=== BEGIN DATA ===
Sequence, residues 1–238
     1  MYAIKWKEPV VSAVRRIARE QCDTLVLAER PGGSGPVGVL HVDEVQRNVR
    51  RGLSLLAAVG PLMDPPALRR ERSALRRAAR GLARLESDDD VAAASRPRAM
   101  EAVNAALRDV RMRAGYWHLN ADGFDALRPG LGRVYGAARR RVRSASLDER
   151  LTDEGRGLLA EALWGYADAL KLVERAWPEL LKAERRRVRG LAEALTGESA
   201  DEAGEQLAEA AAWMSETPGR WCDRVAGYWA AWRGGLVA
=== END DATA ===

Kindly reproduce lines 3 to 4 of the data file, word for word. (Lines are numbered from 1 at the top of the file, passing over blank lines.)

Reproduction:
    51  RGLSLLAAVG PLMDPPALRR ERSALRRAAR GLARLESDDD VAAASRPRAM
   101  EAVNAALRDV RMRAGYWHLN ADGFDALRPG LGRVYGAARR RVRSASLDER